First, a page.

– 12 x firelighters
    – 3 x plain lighters
    – 1 x Gerber Bear Grylls Survival Series Fire Starter
    – 1 x good and inexpensive sharp pocket knife to make feather sticks
    – 1 x compressed bag for collecting dry wood in I find along the way2.0 A Male to Micro B – 6 Feet

    Medical kit

    Chances are you’re not a medical professional. No worries though, that doesn’t mean you can’t carry a med kit. On the contrary. I’m not a medical professional either and it’s definitly part of my everyday carry gear, I’m making lots of use of mine. I’ve simply packed my med kit with just those items that I’m likely to need. My suggestion is that you do as well. Figure out what situations you’re likely to run into and prep for those.

    I myself have noticed that I usually only use bandages, betadine and the occasional alcohol prep pad (saturated with isopropyl alcohol) for my now five year old son and for myself I use mainly pain relievers. So that’s the focus of my med kit. In addition I’m carrying some more items that might come in use one day and I know how to use, and that’s it. The idea of having a surgical suture needle with you might sound like you’re really prepared. But if you’ve never set any stitches before, why would you? Keep it within your comfort zone is my idea here.

    Pack 1 x Eagle Creek Travel Gear Pack-It Quarter Cube, blue
    2 x compress
    2 x alcohol prep pad (also great fire starter)
    1 x tweezers
    1 x medical scissor
    1 x Triangular Sling/bandage
    1 x pair of gloves (to protect you
    1 x bandage roll
    1 x stretch gauze bandage
    1 x otrivin nasal spray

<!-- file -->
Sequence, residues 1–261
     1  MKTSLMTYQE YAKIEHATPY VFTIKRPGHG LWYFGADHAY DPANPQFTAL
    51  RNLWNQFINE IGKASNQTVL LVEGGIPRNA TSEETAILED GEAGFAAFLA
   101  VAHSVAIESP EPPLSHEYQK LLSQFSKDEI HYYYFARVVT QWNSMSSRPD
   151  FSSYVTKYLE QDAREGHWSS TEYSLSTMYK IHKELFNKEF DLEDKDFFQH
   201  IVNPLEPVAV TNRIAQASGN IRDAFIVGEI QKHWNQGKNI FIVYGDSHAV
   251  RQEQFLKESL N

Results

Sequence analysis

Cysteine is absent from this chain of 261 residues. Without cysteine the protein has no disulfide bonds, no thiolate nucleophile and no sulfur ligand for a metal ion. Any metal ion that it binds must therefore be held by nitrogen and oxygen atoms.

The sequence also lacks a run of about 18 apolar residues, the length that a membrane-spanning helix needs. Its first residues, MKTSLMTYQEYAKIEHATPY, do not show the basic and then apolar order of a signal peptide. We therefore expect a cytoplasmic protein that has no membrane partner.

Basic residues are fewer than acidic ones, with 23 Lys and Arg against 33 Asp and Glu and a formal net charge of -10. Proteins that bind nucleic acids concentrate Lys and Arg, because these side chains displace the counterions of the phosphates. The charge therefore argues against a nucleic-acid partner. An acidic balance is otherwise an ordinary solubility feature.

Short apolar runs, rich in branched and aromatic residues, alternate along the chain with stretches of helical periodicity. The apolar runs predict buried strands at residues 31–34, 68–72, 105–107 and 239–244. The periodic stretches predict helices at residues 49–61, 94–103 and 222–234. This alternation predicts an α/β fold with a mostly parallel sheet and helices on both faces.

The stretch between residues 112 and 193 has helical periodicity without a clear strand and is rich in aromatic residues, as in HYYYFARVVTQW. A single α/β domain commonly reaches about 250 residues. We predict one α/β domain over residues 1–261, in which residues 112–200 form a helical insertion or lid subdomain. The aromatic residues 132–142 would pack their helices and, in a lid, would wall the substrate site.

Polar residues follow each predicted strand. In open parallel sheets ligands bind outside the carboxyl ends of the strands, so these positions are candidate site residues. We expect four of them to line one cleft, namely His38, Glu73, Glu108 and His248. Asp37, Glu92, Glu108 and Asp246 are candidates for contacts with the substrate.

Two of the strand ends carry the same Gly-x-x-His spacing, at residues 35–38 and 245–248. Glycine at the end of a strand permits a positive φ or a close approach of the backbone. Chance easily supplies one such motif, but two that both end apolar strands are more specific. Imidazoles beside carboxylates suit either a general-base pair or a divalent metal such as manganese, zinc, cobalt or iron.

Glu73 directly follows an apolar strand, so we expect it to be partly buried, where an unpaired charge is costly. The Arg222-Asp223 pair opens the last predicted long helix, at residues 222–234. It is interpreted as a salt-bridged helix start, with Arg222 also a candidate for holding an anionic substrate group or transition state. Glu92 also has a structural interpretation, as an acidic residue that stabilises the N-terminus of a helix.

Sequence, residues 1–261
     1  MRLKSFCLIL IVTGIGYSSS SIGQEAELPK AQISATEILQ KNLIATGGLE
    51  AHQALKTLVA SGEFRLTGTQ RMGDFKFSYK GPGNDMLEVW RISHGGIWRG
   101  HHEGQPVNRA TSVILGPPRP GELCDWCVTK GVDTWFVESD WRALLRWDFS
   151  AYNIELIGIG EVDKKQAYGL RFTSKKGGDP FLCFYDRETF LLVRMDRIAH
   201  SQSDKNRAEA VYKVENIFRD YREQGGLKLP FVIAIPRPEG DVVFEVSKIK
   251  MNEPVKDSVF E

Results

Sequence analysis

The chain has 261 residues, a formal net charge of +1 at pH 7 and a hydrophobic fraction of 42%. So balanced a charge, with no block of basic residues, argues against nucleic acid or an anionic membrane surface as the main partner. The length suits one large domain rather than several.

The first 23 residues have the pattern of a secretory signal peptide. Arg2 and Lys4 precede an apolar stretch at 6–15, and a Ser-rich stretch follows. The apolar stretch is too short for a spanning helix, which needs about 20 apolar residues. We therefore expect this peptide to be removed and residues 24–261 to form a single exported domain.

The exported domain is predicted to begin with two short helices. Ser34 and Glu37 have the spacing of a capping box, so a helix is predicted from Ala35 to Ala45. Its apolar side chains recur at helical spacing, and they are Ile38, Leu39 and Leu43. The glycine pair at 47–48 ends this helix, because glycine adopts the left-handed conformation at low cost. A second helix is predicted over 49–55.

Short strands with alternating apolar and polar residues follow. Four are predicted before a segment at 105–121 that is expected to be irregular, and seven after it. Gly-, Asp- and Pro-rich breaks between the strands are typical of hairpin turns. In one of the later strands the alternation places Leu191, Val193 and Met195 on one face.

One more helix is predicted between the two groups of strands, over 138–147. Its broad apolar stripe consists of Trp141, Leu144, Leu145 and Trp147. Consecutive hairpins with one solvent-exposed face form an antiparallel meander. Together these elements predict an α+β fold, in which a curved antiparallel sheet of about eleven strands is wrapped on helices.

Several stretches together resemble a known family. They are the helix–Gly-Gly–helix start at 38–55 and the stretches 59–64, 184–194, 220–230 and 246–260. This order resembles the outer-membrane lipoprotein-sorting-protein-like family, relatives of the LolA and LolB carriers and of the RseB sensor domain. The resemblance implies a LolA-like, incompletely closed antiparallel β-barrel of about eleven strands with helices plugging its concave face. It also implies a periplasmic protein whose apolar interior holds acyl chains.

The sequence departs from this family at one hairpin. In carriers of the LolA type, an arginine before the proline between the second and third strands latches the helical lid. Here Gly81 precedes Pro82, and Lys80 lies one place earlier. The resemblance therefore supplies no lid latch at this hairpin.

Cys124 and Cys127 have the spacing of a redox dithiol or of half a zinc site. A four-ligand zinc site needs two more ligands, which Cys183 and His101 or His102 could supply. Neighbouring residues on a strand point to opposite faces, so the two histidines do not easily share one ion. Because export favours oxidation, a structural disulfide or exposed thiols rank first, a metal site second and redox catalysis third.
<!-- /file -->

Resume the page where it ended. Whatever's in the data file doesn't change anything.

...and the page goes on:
1 x small bottle of betadine
    1 x bunch of different bandages
    1 x ibuprofen 600 mg pain reliever (prescription)
    30 x antibiotic pills (prescription for just in case)
    4 x strips of 500 mg paracetamol

    General Survival kit

    So I like to use the Eagle Creek quarter cube a lot to make different sub compartments like the ones I show here. They’re nice and spacious, the dimentions make it a perfect stackable option for your pack and it maximizes the utilization of the available space. All in all a great option the go with. It isn’t perfect though, it lacks the option to organize the inside. For that you’re much better of with something like the pouches Maxpedition offers. They’ve got a great collection of sizes and shapes so at least one of them will suit your taste.

    The point of having a general survival kit, for me, is to have items I need on a regular basis quickly accessible in place. It doesn’t matter that they’re not all of the same category, what matters here is the ease of access.

    1 x Maxpedition Mini Pocket Organizer
    1 x two different sizes of focet keys. In an urban environment it helps you to get to water (that isn’t yours).
    1 x 6 feet of duct tape
    4 x small tie wraps